Select the grading schema. From the Grade using menu, select an existing grading schema such as Points. You can change the grading schema at any time and the change will show to students and in your gradebook.
Enable anonymous grading. When you create an assignment without questions, you can enable anonymous grading so student names are hidden while you grade. You may only add text and files to anonymously graded assignments.
Show assessment results. Select the Show correct answers check box to allow students to see the correct answers to automatically scored questions after they submit. If you don't add questions to your assignment, select the check box for Show correct answers during creation.
Enable automated feedback. Provide feedback to students that's released automatically based on your settings.
Add an access code. You can issue an access code to control when students submit an assignment. At this time, access codes are generated randomly by the system. You can't customize the access codes. You can also add an access code to a group assignment.
Enable parallel grading. You can enable parallel grading and assign graders when you create an assignment. You can also enable parallel grading even after students make submissions. The system randomly assigns graders you choose so each student has two graders for the assignment. The grading workload is distributed evenly among the graders. Graders can only open the submissions for the students assigned to them. Instructors or reconcilers determine the final grades for students.
Add a time limit. A time limit can keep students on track and focused on the assignment because each person has a limited amount of time to submit. The assignment attempts are saved and submitted automatically when time is up. You can also allow students to work past the time limit. At this time, you can't add a time limit to group assignments.
Add a grading rubric. Rubrics can help you evaluate student submissions based on key criteria that you define. You can create a new rubric or associate an existing rubric. A rubric is a scoring tool that you can use to evaluate graded work. At this time, you can only add a rubric to as assignment without questions.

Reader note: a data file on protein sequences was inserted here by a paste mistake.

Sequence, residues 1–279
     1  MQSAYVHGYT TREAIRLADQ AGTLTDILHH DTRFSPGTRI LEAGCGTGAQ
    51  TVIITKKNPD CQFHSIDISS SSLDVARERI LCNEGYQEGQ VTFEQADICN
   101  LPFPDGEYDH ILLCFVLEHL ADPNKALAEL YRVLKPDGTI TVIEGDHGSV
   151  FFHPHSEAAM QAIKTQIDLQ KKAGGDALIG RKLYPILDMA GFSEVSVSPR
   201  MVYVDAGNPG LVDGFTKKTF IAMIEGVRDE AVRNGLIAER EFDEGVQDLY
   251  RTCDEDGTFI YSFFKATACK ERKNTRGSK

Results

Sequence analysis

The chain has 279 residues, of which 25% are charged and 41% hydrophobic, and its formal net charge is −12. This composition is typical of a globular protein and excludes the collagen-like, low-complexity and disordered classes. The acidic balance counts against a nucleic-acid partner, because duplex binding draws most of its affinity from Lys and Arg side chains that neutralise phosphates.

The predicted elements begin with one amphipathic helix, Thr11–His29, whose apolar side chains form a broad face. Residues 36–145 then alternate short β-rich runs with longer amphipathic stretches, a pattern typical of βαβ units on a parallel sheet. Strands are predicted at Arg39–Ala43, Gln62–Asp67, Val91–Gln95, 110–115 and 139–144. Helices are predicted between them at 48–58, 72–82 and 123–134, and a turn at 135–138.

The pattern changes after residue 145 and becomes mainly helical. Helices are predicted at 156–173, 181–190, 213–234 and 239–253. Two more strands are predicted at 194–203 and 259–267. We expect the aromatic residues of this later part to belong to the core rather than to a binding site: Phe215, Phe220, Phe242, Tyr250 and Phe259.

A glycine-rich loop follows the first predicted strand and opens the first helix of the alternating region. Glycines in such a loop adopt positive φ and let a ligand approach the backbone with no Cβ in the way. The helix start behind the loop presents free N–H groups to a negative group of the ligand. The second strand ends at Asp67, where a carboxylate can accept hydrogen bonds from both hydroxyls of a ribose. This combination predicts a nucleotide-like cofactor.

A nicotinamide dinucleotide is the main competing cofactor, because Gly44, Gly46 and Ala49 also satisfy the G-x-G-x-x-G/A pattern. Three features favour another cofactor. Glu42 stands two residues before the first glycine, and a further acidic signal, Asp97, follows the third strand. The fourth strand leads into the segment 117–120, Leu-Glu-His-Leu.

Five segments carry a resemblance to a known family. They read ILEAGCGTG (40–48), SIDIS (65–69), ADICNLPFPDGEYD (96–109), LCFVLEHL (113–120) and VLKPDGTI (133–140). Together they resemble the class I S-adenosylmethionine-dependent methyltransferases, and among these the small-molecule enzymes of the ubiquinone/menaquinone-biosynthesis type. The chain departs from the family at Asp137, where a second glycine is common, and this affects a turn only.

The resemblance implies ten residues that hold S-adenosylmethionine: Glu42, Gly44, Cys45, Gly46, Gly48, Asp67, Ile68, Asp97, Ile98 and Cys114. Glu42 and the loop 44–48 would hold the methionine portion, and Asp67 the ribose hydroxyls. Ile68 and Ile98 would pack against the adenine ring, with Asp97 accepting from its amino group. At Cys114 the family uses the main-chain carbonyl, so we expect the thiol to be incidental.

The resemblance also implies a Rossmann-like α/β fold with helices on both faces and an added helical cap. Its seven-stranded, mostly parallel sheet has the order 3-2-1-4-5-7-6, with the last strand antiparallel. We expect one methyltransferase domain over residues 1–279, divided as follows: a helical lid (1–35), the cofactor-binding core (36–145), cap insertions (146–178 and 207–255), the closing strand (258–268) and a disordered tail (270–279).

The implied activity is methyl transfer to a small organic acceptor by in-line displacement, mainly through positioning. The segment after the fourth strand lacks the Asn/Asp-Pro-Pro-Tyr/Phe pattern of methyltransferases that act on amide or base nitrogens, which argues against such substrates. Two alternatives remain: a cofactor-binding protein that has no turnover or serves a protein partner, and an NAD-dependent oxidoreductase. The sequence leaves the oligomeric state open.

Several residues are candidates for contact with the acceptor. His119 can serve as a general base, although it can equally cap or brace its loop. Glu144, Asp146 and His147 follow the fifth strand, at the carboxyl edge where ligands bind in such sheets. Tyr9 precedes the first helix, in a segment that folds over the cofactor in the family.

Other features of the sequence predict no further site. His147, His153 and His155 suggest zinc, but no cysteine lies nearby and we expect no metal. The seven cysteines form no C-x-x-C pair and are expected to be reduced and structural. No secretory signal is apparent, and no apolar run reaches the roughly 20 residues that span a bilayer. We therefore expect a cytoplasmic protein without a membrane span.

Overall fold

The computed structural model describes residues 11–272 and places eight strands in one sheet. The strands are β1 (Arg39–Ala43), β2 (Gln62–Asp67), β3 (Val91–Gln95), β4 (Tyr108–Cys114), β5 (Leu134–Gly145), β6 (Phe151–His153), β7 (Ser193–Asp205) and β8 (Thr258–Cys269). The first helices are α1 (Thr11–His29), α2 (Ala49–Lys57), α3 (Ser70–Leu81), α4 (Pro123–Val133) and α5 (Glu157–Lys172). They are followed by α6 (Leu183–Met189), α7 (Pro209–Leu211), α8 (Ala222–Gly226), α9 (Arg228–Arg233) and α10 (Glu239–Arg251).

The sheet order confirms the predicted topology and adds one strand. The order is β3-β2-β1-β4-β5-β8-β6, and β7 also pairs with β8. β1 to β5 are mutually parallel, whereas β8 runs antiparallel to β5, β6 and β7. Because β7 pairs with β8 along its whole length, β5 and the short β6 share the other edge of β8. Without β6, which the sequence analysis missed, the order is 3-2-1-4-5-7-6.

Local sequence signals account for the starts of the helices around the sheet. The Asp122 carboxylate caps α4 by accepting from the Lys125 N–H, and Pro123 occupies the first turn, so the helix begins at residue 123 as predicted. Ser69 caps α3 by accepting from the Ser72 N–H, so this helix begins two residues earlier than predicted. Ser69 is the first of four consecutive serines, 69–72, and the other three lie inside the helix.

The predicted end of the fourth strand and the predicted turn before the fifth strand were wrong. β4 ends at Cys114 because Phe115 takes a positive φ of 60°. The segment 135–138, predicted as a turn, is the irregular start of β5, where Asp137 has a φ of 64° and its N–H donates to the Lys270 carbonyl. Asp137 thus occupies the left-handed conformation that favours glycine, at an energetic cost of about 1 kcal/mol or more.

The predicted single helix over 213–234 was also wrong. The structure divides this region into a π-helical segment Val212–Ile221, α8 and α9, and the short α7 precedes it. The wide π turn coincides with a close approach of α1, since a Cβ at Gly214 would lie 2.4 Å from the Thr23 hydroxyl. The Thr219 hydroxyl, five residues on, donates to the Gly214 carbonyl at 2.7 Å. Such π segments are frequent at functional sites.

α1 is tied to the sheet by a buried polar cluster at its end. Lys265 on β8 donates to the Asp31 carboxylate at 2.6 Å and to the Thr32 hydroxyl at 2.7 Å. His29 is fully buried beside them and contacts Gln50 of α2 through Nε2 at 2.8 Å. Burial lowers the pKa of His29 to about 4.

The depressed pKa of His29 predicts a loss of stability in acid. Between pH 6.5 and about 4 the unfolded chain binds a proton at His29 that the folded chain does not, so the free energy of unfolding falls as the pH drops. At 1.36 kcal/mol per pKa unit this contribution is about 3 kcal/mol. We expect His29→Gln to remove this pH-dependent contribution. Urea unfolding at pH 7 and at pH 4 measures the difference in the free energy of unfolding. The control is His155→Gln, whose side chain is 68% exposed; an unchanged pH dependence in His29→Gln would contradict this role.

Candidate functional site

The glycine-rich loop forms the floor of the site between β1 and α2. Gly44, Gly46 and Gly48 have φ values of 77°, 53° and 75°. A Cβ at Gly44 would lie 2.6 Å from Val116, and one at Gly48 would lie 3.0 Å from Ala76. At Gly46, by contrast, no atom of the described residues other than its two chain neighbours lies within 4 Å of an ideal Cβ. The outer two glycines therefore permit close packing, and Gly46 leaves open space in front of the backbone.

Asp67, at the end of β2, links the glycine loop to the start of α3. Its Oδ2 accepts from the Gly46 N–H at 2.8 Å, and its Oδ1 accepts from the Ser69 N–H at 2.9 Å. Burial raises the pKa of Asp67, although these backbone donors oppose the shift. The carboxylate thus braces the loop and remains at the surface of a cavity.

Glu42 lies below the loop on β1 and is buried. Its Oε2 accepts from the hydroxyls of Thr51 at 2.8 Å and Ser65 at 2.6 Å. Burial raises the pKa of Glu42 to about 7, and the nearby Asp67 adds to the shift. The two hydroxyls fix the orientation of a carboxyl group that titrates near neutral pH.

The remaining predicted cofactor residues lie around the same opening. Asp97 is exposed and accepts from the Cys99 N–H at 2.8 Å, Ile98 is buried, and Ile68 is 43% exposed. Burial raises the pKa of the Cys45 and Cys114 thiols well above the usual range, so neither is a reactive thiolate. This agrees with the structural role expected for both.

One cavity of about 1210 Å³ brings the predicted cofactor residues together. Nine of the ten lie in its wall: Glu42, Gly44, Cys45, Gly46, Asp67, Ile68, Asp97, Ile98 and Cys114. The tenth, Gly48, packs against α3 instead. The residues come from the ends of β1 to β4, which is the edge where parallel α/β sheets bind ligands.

Add goals and standards. You can align an assignment to one or multiple goals. You and your institution can use goals to measure student achievement across programs and curriculums. You can also align individual questions to goals.
Make a group assignment. You can create an assignment for one or more groups of students. By default, you assign a grade to each group as a whole, but you can change a group member's individual grade.
Enable SafeAssign. You can use SafeAssign to check for potential plagiarism in student submissions. You can enable the SafeAssign Originality Report any time, even after students have started their submissions, but submissions are only checked when SafeAssign is enabled.
Add an optional description. The description appears with the assignment title on the Course Content page.
Select the plus sign to open the menu wherever you want to add questions, text, or a file. You can add as many text blocks and files as you want.
Add text blocks. Select Add text to open the editor. You can include instructions for a section of the assignment or introductory text for an audio file or image. You can also paste text from a Word doc.
You can also use the editor to embed images and attach files along with your text.
If you create an assignment that includes only text blocks, you can manually change the Maximum score in the Assignment Settings.
Add files. Select Add local file to browse for a file on your computer. Your institution controls the maximum file size you can upload. You can't add a folder of files.
Add file from Cloud Storage: You can instantly connect to multiple web apps where you store files, such as OneDrive. The files you add are copies. If you make a change to a file in cloud storage, you need to upload a new copy in your course. If your browser allows, media files you add from cloud storage display inline.
If your browser allows, media files you add to assessments display inline by default. If your browser can't display a media file inline, it appears as an attachment. Files you add from cloud storage behave in the same way.
Images that display inline are embedded in a 768-pixel block at the biggest breakpoints. The closer to that size the images are, the less padding appears around them.
Access a media file's menu and select Edit.
To edit the file's alternative text or display behavior, select the file in the editor and then select the Edit Attachment icon.
In the Edit File Attributes window, you can choose how your video, audio, or image file appears in the assessment: inline or as an attachment. For example, you can display extremely large files as attachments that students can download. You can edit the file names for files displayed as attachments.